But too many healthcare consultants follow a Sherlock Holmes approach: “It’s elementary Dr. Watson.” Their diagnoses of the “ailments” of the health system are typically dire. Their prescriptions for a “cure” are accordingly radical. Often governments ask consultants to work under tight deadlines, which means they are forced to rely heavily on the knowledge and data that already exists within the system.
But that’s not to say consultants bring nothing to the game.
Typically, consultants work in multi-disciplinary teams that combine expertise in fields as accounting, budgeting, human resources management, IT and broad health policy issues. Often they have experience studying health system issues in a number of jurisdictions. Their advice does not come cheap, but the cost must be kept in the perspective of the overall cost of the health system.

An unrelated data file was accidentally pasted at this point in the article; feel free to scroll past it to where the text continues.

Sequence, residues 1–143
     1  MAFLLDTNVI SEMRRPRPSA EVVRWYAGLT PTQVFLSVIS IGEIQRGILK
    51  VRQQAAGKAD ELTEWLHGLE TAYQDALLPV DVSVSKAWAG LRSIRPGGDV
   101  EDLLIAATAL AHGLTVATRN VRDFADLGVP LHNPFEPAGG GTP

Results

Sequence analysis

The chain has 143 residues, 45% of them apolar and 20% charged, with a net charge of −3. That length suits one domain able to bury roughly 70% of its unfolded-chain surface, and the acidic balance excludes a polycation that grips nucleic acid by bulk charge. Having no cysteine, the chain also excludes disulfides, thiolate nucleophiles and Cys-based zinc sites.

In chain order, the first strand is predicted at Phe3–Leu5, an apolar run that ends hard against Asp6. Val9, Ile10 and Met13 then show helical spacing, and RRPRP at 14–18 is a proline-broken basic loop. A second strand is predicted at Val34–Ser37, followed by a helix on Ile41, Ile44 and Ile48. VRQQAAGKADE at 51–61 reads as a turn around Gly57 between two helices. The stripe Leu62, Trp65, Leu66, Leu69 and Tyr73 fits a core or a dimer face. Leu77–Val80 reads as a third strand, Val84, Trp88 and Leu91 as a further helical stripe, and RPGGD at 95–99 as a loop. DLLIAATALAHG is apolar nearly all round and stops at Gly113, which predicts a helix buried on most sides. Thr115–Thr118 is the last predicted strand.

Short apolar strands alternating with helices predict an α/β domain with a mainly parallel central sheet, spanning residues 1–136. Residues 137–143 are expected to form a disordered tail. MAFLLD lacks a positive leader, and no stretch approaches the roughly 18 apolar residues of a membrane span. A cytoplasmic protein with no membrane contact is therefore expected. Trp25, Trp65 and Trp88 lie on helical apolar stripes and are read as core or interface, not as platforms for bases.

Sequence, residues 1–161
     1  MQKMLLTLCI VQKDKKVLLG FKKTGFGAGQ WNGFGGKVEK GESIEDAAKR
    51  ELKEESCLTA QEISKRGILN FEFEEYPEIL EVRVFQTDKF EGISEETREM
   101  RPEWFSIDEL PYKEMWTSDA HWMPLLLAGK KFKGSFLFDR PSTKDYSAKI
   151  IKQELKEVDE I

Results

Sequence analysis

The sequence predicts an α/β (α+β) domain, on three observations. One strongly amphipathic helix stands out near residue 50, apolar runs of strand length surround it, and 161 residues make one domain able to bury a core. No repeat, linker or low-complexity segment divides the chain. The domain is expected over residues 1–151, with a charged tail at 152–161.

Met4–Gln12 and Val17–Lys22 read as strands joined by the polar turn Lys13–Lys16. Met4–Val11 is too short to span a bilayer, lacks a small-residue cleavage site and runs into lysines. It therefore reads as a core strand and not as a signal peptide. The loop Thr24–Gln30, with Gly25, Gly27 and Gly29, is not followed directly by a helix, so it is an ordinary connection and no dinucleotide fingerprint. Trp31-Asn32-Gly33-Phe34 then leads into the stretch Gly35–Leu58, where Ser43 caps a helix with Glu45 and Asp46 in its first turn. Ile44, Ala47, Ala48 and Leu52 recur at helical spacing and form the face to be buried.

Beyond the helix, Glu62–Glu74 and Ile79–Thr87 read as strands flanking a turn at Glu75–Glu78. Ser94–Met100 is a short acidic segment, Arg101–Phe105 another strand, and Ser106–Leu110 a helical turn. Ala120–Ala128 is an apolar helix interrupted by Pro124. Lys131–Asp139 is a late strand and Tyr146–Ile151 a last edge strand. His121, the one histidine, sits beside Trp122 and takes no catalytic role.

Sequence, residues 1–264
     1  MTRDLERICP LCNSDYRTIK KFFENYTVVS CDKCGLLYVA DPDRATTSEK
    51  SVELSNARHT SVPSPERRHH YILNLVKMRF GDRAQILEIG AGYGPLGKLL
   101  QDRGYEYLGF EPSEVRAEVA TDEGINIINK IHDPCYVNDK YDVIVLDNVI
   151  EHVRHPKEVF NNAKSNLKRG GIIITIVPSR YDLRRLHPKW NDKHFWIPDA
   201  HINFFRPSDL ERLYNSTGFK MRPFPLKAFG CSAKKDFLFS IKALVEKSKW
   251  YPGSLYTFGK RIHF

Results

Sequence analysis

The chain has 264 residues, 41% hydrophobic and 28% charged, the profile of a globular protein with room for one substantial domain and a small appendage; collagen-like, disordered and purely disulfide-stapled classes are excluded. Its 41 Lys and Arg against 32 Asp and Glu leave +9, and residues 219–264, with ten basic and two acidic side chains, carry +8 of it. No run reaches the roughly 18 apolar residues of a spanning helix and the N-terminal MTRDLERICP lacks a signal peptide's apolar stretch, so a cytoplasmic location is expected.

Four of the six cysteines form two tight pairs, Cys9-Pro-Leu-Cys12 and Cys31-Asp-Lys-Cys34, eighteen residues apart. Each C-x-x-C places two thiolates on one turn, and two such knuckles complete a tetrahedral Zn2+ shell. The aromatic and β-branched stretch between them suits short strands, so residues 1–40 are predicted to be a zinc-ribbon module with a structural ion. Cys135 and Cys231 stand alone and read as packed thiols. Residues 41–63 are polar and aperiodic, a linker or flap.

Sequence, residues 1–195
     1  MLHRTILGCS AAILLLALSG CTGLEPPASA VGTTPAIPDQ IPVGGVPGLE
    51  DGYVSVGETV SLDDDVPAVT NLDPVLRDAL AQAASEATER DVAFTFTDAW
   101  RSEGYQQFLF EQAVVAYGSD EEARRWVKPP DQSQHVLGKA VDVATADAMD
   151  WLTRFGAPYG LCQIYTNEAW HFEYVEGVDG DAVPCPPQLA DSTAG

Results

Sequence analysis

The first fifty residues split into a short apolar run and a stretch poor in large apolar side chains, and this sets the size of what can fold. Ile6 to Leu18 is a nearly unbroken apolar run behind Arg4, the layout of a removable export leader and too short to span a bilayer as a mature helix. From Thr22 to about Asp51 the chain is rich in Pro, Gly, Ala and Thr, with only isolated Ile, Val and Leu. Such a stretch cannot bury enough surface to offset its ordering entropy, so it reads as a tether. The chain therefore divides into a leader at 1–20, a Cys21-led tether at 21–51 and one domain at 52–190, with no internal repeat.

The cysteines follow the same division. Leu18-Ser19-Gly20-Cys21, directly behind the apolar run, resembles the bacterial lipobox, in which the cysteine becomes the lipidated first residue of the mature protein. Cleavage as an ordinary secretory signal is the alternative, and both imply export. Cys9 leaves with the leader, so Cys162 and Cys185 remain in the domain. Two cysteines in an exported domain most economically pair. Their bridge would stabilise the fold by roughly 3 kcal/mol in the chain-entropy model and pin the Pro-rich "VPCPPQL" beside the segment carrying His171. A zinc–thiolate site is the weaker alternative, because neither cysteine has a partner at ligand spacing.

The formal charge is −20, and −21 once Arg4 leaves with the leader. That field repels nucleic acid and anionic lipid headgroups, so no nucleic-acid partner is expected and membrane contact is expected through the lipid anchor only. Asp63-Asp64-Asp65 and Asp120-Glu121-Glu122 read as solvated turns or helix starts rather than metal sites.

But one danger with consultants is their tendency to apply the same template regardless of which health system they are examining. Their reports tend to follow a similar format. They are dominated by the ascendant management ideas (so-called best practices) and laden with buzzwords. Bold strategies are prescribed, but the challenges of translating such strategies into action typically receive short shrift. Bullet points, extensive use of graphs and diagrams and lists of dos and don’ts are meant to simplify the complexities of the health system for the benefit of the busy decision-maker. Recommendations are made forcefully and confidently.